We know that the human microbiome, often referred to as our "second brain," plays a key role in our health, from helping us digest the food we eat, to boosting our brain function and regulating our immune systems.

Keep reading... Show less
Interior Sec. Ryan Zinke refused to meet with National Park System Advisory Board members last year, prompting most of them to quit. Gage Skidmore / Flickr

From National Parks to the EPA, Trump Administration Stiff-Arms Science Advisers

By Elliott Negin

The Trump administration's testy relationship with science reminds me of that old saying: Advice is least heeded when most needed.

Keep reading... Show less
Sponsored
Health
Shutterstock

8 Ways to Reduce Your Exposure to Hormone-Disrupting Chemicals

By Caroline Cox

What keeps you up at night? Sick kids, restless pets, the latest tragedy on the evening news, politics, wars, earthquakes, hurricanes, fires, money troubles, job stress, and family health and wellbeing? There is no shortage of concerns that make us all toss and turn.

But what keeps the chemical industry up at night? A couple of decades ago a senior Shell executive was asked this very question. The answer? Endocrine disruption.

Keep reading... Show less
Dave Atkinson / Flickr / CC BY-NC-ND 2.0

Why We'll March Again

This Sunday marks the first anniversary of the Women's March that happened on the day after Donald Trump's inauguration—the largest protest march in our nation's history. The Sierra Club was there that day, and we'll be there this year, too—at a significant moment for women's rights and justice.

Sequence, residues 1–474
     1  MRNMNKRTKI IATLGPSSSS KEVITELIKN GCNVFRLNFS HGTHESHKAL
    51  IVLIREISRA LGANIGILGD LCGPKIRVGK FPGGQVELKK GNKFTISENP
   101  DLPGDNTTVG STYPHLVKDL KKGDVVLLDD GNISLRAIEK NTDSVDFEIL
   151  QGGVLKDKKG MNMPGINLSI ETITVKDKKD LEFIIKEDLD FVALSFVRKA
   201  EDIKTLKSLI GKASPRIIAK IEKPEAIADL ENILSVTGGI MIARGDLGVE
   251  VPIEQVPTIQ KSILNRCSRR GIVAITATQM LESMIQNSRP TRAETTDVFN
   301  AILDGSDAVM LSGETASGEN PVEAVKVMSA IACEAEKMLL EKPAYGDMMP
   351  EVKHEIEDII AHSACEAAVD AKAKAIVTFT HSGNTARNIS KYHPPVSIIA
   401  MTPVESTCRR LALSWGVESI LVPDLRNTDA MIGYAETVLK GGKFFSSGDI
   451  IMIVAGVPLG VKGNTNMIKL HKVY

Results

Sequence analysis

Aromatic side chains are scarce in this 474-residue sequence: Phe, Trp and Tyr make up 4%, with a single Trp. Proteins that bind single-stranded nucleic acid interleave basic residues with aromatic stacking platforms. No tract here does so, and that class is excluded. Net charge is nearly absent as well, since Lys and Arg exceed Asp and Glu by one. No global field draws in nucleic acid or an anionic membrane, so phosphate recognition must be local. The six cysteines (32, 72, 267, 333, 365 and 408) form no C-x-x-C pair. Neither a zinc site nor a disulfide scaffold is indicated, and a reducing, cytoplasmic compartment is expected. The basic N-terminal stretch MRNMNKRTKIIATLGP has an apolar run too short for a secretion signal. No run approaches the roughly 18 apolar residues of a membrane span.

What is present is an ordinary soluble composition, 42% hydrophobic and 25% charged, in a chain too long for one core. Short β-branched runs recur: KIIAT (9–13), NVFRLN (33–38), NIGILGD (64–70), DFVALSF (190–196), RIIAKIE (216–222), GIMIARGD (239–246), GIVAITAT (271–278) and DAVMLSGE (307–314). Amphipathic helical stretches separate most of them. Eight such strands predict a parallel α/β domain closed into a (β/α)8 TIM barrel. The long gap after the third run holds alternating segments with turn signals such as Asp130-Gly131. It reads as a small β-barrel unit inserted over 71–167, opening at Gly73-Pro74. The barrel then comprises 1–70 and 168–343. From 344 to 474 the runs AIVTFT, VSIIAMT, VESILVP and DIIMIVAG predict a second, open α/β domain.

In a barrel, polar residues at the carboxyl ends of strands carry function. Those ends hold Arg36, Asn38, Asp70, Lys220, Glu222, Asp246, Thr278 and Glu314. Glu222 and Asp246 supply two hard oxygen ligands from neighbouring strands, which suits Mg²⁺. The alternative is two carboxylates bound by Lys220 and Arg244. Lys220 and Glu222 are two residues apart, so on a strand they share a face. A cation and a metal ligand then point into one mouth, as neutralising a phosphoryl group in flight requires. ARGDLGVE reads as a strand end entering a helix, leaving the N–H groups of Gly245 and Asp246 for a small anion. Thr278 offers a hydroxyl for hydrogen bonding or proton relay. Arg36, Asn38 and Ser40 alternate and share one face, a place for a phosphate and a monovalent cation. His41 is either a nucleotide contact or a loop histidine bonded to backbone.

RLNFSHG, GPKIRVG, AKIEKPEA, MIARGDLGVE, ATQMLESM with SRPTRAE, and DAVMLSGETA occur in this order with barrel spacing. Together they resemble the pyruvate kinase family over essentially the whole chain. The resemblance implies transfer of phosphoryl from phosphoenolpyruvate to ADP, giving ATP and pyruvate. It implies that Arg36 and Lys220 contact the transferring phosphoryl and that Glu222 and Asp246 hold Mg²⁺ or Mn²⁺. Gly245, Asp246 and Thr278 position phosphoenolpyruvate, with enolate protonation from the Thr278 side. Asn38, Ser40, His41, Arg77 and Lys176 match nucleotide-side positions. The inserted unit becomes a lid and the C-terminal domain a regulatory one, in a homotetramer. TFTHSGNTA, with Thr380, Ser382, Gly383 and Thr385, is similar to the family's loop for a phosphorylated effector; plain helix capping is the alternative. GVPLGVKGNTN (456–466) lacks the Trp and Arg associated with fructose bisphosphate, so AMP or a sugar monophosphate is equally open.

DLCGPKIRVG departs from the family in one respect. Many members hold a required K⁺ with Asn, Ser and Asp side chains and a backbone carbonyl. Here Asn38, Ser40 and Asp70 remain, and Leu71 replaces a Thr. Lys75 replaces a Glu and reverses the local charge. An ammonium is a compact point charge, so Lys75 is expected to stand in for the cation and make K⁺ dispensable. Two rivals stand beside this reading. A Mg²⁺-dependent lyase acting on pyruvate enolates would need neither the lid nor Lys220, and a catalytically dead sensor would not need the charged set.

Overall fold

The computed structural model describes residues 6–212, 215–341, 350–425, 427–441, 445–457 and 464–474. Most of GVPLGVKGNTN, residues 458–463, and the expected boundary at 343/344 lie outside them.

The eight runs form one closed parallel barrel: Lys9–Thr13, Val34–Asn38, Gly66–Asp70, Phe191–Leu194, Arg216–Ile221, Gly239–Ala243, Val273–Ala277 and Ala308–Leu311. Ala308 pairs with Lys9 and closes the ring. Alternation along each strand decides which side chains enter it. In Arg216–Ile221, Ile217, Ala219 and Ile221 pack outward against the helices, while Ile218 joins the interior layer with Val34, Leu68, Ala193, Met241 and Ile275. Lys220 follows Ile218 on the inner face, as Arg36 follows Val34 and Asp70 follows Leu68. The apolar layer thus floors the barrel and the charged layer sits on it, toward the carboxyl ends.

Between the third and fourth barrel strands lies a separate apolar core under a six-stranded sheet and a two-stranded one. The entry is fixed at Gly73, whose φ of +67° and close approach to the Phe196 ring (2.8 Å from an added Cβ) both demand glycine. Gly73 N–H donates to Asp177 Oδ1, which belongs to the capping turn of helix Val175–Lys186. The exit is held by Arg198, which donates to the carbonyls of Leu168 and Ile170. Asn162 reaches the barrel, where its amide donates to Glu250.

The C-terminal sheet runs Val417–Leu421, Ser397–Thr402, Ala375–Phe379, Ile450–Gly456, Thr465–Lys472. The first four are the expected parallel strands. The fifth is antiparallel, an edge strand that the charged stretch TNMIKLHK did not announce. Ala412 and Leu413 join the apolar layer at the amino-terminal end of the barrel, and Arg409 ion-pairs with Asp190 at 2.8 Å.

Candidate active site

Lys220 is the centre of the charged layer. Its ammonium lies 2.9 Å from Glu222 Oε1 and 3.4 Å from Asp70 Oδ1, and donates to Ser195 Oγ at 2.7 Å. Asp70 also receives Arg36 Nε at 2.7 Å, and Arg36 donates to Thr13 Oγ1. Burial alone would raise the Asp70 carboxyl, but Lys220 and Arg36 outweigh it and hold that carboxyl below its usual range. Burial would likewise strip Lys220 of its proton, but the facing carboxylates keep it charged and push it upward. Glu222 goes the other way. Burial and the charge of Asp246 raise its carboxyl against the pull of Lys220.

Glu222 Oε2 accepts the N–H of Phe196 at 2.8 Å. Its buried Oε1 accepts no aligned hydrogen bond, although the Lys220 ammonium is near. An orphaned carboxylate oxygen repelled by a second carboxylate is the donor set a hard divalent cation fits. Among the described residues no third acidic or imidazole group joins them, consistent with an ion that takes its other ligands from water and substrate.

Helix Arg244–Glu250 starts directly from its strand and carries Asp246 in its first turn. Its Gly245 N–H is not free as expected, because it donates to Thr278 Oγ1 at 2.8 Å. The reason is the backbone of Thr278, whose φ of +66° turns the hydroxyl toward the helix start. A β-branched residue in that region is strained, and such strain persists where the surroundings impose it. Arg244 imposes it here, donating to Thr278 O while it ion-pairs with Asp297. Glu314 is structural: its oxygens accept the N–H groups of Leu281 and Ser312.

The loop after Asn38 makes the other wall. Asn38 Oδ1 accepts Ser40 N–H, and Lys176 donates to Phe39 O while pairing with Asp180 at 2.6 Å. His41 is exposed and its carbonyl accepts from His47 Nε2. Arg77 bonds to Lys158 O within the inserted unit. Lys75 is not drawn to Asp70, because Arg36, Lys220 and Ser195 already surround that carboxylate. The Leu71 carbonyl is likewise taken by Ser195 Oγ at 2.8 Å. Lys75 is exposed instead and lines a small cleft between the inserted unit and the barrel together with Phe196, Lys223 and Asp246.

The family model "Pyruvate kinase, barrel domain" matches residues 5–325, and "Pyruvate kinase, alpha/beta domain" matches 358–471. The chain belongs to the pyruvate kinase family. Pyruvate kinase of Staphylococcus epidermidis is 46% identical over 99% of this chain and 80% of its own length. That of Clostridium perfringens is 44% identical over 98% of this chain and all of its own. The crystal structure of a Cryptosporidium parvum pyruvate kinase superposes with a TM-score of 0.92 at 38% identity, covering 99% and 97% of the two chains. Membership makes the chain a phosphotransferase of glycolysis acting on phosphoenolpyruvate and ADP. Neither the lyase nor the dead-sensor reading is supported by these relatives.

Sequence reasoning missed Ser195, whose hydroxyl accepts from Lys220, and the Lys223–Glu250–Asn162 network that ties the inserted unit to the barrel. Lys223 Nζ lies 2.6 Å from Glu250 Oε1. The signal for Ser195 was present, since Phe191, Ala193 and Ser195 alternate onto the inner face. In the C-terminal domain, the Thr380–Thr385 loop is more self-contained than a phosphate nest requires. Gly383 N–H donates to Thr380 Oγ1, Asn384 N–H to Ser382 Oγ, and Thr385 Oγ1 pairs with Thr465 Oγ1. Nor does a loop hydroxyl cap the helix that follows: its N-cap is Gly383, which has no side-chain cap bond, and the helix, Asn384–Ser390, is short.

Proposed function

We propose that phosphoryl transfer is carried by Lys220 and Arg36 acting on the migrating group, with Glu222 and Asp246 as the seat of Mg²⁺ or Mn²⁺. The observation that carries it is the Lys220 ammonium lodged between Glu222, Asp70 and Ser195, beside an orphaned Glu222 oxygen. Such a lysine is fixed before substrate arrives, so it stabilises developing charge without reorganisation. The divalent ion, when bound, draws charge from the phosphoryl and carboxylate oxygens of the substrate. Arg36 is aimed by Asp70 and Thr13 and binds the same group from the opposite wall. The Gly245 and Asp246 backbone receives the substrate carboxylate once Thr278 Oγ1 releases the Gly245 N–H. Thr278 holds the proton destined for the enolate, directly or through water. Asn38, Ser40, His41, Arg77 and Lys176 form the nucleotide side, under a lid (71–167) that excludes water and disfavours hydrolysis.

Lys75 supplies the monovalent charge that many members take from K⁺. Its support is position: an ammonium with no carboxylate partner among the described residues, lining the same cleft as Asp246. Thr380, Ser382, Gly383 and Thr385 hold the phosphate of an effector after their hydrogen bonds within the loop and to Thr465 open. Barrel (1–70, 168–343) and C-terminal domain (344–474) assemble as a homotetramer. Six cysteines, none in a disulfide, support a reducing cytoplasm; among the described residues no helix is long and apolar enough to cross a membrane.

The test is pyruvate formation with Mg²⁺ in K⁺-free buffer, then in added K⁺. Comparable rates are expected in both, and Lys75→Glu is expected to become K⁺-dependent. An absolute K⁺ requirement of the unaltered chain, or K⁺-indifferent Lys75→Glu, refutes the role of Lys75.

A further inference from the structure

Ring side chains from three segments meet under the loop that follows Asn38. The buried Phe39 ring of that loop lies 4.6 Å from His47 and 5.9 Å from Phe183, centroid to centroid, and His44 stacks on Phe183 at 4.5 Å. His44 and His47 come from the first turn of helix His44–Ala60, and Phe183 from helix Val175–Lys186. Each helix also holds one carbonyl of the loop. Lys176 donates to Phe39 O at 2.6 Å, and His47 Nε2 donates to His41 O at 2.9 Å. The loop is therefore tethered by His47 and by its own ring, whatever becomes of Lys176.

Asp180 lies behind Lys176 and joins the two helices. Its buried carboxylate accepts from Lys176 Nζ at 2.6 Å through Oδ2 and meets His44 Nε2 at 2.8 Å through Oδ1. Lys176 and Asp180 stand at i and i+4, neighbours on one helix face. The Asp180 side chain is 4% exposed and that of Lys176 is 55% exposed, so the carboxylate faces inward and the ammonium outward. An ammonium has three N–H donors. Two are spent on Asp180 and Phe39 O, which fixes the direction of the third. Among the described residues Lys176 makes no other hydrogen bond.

Keep reading... Show less
Sponsored
Nils Axel-Morner gives an interview on the fringe of a meeting in Rome in October 2017. YouTube

Climate Denial Group Linked to Trump Admin Is Funding 'Research' on Sea Levels in Questionable Journals

By Graham Readfearn

A climate science denial group with links to President Trump's administration has been funding work to sow doubt that low-lying islands in the Pacific are at risk from rising sea levels.

The two researchers being funded—one of which is a well-known climate science denier—have targeted little known "open access" journals with dubious quality controls to get their work published, DeSmog has found.

Keep reading... Show less

It's Official: 2017 Was the Hottest Year Without an El Niño

The United Nations announced Thursday that 2017 was the hottest year on record without an El Niño event kicking up global annual temperatures.

Last year's average surface temperatures—driven by carbon dioxide and other greenhouse gas emissions—was 1.1 degree Celsius above pre-industrial times, putting the world on course to breach the internationally agreed "1.5°C" temperature barrier to avoid dangerous climate change set by the 2015 Paris climate agreement.

Keep reading... Show less
Sponsored

mail-copy

The best of EcoWatch, right in your inbox. Sign up for our email newsletter!